Thermistors are thermally sensitive resistors, which measure change in temperature with the change in resistance. In the case of negative temperature coefficient (NTC) thermistors, the resistance decreases as the temperature increases. However, traditional manufacturing techniques, which develop ceramic-based NTC thermistors, suffer from disadvantages such as change of resistance in humid environment and nonlinear resistance versus temperature characteristic over their operational temperature range. The solution is the use of linearization circuit or limiting their use over a smaller temperature range to minimize nonlinearity.

Palo Alto, CA-based AdSem Inc. has reportedly developed the worldís smallest germanium (Ge) NTC thermistor, which has a size of 150 micrometers. Interestingly, Michael Kozhukh, president, AdSem Inc., tells Sensor Technology, "When compared to companies that have been producing ceramic NTC thermistors with the same technology for years, AdSem Inc. has developed a novel technology for high-temperature semiconductor NTC thermistors and started their production. As a resultant of our years of expertise in this field, we have been able develop silicon (Si) and germanium (Ge) NTC thermistors, based on proprietary, patent-pending technology, that provide a plethora of advantages."

Si and Ge high-temperature NTC thermistors have better performance and are more cost effective than the typical ceramic NTC thermistor. They have higher sensitivity, higher operational temperature, wider temperature range of interchangeability; their resistance-temperature dependence is universal, they can be produced with smaller sizes, they donít interact chemically with moisture; they can be packaged at semiconductor packaging factories in high volumes with high productivity.

There are numerous industrial applications where ceramic NTC thermistors are currently employed for temperatures between minus 50 degrees C and plus 250 degrees C. AdSem's Si and Ge NTC thermistors can be used for all these applications providing higher thermo sensitivity, interchangeability in wider temperature range, smaller size, universal resistance-temperature dependence, lower cost compared to ceramic NTC thermistors. In addition, AdSemís silicon NTC thermistors are a suitable replacement in many applications for low-sensitive platinum RTD and thermocouples that operate between 250 degrees C and 500 degrees C. Small, high-sensitive Ge NTC thermistors can be employed for temperature measurements of internal organs of the human body. This provides a unique tool for development of new medical technologies and for improvement of existing techniques. Another suitable large-scale application for AdSem's high-sensitive semiconductor NTC thermistors is temperature measurements in system-in-package ICs, where small size, resistance-temperature (R-T) universality and compatibility with clean semiconductor fab environment are critical requirements.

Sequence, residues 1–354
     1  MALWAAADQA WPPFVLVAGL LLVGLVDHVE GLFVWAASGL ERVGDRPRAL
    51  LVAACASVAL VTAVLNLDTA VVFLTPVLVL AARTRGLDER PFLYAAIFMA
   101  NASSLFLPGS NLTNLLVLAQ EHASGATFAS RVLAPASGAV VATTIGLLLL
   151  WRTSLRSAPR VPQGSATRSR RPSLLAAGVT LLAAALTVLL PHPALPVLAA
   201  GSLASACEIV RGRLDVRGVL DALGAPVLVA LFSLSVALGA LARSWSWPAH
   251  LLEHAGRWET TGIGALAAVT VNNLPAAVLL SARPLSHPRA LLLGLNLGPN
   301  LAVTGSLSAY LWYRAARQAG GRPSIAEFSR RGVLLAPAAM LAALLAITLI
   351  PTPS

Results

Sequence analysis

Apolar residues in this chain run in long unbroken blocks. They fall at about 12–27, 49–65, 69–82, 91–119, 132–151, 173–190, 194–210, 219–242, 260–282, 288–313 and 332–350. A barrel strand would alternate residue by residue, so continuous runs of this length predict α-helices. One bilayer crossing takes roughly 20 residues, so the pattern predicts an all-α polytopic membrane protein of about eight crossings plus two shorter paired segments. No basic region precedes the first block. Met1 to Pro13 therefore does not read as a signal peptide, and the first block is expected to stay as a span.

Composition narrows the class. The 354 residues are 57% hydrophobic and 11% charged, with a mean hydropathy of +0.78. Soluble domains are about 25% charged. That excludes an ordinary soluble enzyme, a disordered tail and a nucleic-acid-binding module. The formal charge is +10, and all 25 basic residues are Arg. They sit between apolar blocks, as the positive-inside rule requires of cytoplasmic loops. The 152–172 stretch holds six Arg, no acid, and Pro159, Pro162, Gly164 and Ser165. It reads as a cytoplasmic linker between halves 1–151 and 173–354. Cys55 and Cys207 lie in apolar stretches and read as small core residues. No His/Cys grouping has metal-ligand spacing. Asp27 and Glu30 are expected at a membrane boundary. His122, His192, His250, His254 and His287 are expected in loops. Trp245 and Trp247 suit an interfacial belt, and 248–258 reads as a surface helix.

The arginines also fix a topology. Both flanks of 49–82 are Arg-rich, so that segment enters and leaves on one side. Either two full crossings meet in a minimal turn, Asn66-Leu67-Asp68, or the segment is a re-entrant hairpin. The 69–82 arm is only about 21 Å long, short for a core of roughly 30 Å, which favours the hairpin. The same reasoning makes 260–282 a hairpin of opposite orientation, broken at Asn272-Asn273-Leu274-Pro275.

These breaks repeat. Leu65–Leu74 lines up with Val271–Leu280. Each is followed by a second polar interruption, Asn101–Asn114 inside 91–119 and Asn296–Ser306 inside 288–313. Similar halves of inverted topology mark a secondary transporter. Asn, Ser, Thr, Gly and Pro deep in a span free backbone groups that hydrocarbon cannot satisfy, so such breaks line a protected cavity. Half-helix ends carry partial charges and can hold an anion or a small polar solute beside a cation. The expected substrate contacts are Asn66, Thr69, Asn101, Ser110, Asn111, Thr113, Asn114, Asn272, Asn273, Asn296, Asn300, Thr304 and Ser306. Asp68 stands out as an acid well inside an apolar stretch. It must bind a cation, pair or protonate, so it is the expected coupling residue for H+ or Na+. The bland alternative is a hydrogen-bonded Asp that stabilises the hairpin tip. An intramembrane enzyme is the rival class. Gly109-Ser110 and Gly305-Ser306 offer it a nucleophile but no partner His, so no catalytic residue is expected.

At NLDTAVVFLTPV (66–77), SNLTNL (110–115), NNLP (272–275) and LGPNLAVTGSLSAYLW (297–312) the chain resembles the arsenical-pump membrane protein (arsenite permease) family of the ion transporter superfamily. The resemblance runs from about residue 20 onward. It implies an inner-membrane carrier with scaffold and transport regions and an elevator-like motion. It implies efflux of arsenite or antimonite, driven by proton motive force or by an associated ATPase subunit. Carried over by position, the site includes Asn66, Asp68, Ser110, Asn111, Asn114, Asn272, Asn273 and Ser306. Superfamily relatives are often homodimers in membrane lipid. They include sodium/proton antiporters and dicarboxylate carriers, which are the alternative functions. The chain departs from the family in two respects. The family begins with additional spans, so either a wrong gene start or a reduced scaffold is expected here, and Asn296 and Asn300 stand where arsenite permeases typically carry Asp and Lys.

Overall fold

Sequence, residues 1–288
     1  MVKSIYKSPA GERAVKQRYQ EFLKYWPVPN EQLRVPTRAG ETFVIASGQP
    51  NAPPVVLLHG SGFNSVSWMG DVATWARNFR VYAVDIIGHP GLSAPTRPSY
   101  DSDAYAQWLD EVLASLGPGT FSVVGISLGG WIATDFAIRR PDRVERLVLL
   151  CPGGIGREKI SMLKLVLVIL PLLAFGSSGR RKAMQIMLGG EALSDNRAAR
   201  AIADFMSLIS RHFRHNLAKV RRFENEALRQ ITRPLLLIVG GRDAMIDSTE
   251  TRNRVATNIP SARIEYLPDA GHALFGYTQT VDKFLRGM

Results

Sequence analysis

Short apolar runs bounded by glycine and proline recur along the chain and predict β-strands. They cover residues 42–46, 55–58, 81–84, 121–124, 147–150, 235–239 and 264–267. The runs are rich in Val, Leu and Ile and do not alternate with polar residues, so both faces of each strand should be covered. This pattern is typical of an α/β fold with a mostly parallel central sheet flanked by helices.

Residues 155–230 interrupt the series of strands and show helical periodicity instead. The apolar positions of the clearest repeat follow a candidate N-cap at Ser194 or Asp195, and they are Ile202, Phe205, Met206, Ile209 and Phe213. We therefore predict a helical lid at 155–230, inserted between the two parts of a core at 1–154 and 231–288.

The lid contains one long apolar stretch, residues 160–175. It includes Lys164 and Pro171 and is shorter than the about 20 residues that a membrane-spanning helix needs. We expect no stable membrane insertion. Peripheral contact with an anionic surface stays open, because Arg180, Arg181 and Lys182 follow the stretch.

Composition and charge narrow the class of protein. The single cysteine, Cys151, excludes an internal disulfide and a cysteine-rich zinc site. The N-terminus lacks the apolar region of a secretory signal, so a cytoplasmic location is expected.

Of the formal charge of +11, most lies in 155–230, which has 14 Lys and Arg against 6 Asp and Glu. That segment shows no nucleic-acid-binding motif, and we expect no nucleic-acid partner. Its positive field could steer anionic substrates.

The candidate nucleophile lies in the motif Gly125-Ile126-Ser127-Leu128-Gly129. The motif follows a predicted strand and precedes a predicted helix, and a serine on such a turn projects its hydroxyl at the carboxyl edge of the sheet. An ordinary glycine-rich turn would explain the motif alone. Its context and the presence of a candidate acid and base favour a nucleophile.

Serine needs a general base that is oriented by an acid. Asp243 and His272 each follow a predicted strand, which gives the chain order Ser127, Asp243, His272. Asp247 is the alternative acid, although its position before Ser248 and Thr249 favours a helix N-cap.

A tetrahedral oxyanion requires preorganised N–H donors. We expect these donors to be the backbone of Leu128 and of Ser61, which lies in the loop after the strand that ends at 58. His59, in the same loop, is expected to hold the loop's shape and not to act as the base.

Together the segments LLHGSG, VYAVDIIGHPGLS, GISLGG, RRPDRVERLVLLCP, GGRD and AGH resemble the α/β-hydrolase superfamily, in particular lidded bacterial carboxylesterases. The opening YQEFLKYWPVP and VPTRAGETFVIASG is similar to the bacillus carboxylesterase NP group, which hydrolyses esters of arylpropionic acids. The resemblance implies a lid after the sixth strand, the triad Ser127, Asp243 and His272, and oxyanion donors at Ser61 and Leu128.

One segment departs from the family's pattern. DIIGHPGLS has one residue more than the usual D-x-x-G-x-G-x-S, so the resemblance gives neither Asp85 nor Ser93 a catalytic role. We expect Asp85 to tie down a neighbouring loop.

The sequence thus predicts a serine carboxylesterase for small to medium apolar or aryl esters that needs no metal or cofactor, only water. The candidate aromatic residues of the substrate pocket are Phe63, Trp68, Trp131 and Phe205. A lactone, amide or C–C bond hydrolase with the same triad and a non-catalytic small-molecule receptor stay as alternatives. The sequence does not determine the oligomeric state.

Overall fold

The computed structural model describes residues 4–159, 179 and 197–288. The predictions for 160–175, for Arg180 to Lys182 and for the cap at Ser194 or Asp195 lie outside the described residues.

AdSemís technology allows production of cryogenic Ge thermistors that operate down to 10 mK, have wider operational temperature range and higher interchangeability than any existing cryogenic temperature sensors. Highly sensitive Ge and Si radio frequency (RF) bolometers and large surface infrared (IR) bolometers can be also produced with AdSem's high temperature and cryogenic NTC thermistor technologies.

Currently, Adsem produces and sells Si and Ge NTC thermistors for any temperature between 10 mK and 500 degrees C. The most popular applications are different high-temperature measurements. The company expects their high-temperature semiconductor NTC thermistors to replace ceramic NTC thermistors. In the future, AdSem Inc. aims to develop novel NTC and PTC semiconductor thermistors with extended upper temperature range of 1000 degrees C. Kozhukh says, "These developments depend on speed of our growth, but for sure, it will happen in a few years because of obvious technical and price advantage of our Si and Ge high-temperature NTC thermistors in comparison with ceramic NTC thermistors."

Kozhukh adds, "We are a young company and as any company at this stage we are looking for ways to optimize a road to success. We have plans for large-scale production of diverse semiconductor thermistor products, we are working on further extension of operating temperature range of semiconductor thermistors, on development and production of multifunctional sensors based on our technology, on development of cost effective universal electronics for our sensors. We are open to any collaboration that will be beneficial for realization of these plans. There is a lot of work that has to be done, and right collaborators will help us and will share with us both the work and success."

Interestingly, sensitivity to cost is the biggest driver for sensor industry and development of new sensing techniques augments significant performance and cost benefits, and can open up new applications, which would eventually displace existing technologies.

Details: Michael Kozhukh, President, AdSem Inc., Palo Alto, CA. Phone: 650-852-0309. Fax: 650-852-0309. E-mail:

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